International cybersecurity work of both the State and Homeland Security departments will rely on support from Congress.
Work is already underway for the Cybersecurity and Infrastructure Security Agency to quickly increase its overseas presence, according to Acting Director Brandon Wales who said a new global initiative will bolster and align with State Department activities.
“We are looking at ways to make a more firm commitment internationally, including deploying CISA personnel around the world, really, for the first time in a more dedicated way, to be that touchpoint at critical embassies around the world embedded with some of our most critical cybersecurity partners,” Wales said. “Those efforts are proceeding now, and I expect that over the next two years, you will see a different CISA with a different kind of global footprint.”
Wales spoke Thursday during a virtual event hosted by the Business Council for International Understanding—the member companies of which are major U.S. corporations from across the economy–to launch CISA Global. The initiative centers on sharing information with international partners to cooperate on operations, build capacity, engage stakeholders and shape policy.
Under the previous administration, the State Department proposed merging staff from the Office of the Coordinator for Cyber Issues and the Office of Emerging Security Challenges within the Bureau of Arms Control, Verification, and Compliance under a new bureau of Cyberspace Security and Emerging Technologies. Issues related to the digital economy and internet freedom would be handled by different bureaus—those for economic and business affairs and democracy, human rights and labor.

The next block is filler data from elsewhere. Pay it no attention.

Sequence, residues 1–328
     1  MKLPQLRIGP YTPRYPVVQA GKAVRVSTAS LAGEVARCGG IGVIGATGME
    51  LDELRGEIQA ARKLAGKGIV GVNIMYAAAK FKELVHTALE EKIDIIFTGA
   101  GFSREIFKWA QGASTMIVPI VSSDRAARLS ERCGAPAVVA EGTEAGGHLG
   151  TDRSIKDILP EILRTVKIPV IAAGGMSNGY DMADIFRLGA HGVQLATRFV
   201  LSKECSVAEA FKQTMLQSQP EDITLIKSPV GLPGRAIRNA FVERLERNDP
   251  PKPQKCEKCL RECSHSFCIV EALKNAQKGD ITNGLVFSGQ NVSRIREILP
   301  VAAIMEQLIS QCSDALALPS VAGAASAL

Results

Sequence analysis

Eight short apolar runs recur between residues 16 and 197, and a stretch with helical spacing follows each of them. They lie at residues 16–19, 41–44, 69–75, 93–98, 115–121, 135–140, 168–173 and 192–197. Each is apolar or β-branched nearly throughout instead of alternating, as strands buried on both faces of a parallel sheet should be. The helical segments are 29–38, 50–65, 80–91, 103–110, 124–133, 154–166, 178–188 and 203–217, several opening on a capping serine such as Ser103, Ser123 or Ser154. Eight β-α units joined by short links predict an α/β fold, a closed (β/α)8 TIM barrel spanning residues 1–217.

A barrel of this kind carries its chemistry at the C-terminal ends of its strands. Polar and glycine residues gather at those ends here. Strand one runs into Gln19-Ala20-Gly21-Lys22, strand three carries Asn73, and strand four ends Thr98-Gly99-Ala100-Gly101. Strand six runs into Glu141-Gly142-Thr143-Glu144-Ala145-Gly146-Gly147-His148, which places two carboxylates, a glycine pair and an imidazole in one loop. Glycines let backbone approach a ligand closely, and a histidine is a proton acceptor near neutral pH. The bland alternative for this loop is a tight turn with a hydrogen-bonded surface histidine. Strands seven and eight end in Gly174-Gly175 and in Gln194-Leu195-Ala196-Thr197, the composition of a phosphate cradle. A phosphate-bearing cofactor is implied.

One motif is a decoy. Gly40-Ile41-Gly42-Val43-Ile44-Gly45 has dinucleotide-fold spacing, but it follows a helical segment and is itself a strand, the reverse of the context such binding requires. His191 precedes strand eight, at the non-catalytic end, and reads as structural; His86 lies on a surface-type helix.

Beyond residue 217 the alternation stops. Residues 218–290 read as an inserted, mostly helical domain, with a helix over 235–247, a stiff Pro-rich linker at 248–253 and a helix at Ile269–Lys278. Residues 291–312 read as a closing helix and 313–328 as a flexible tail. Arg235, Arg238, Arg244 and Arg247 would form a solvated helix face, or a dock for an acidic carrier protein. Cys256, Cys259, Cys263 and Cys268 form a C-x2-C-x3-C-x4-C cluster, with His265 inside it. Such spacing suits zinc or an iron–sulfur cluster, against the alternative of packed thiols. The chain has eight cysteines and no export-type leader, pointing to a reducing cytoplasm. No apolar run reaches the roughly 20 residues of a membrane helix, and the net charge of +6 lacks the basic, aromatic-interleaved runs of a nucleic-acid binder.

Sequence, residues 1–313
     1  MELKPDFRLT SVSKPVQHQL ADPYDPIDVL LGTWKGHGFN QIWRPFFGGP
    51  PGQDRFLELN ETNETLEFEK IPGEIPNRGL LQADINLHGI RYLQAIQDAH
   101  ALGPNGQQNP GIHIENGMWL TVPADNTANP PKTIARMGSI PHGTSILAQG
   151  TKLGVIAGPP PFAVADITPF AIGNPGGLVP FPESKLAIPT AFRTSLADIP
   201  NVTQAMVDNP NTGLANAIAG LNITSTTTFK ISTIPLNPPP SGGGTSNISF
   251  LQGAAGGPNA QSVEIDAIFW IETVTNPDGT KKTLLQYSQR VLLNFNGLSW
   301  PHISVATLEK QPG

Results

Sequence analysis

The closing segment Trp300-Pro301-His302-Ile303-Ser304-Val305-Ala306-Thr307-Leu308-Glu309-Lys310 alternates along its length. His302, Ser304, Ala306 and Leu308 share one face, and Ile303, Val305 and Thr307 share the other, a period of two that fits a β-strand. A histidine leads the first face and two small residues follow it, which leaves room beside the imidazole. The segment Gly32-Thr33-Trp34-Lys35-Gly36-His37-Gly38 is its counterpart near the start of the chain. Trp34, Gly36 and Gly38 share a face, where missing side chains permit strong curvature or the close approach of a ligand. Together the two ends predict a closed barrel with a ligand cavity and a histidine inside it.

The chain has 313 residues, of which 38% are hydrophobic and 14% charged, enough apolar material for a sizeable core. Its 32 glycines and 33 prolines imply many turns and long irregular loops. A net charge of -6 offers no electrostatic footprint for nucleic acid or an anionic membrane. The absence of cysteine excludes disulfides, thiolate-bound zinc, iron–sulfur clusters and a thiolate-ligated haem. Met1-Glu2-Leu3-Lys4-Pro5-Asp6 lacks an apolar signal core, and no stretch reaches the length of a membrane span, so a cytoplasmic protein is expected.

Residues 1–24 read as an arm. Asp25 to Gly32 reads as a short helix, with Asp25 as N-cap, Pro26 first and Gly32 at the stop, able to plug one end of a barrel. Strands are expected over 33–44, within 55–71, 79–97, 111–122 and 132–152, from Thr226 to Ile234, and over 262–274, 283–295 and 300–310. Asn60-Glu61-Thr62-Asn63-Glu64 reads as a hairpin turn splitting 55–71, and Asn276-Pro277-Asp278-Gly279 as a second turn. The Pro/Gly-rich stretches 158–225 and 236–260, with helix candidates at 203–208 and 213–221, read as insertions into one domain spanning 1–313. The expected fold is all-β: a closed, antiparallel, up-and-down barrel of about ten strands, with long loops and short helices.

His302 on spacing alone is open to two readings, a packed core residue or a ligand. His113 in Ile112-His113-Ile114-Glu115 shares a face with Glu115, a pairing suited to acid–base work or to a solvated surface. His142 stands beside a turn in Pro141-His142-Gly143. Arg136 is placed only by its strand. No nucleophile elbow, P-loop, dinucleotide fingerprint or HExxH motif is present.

But leading members of Congress would prefer a new cyber bureau to include and consolidate cyber diplomacy activities, such as those related to international cybersecurity, digital economy, and internet freedom.
Asked about potential overlap CISA Global would create with State, Wales said CISA has "an extremely close relationship with the State Department, both with the office of the coordinator for cyber issues, and with the counterterrorism bureau.” He noted a call to launch the initiative with hundreds of international partners was conducted with the State Department's Office of the Coordinator for Cyber Issues.
“At times, they have utilized us as kind of the technical, the [subject matter expert] to help provide some of our expertise through their capacity-building efforts to help international partners advance and mature their efforts,” he said. “So, you know, we see our work as complementary and really entirely supporting [State].”
Chris Painter, president of the Global Forum on Cyber Expertise and the former top diplomat for cybersecurity at State participated in Thursday’s event. He welcomed CISA’s plans but raised the issue of CISA’s limited resources amid competing priorities.
“I was very happy to see your emphasis on capacity building, that's something that's critical around the world. As you say, it helps other people help us but it also helps them and so that's a good situation. Especially on incident response, and other things, your work is critical,” he said. “The only frustration I think I ever faced was not with the quality of that work, but the fact that you were stretched very thin, and you didn't have the resources to commit to a lot of those things, and, you know, perhaps reasonably, were focused more on the domestic issues. It's great to have a plan, it's great to have a strategy. But what will the resources and commitment be to this?”
Wales said it will ultimately be up to Congress to facilitate the initiative. But, citing the massive hacking campaign involving network management company SolarWinds, he seemed confident lawmakers would.
“We're hopeful that maybe additional resources will be coming in, in the near term, based upon some of the issues that were identified through the supply chain compromise,” he said. “I don't think that we lack the authority to engage internationally. The executive branch will generally hew to the priorities as set by Congress in our appropriations and in authorizing language. And if Congress wants to make it a priority, they have the tools at their disposal to shape our activities.”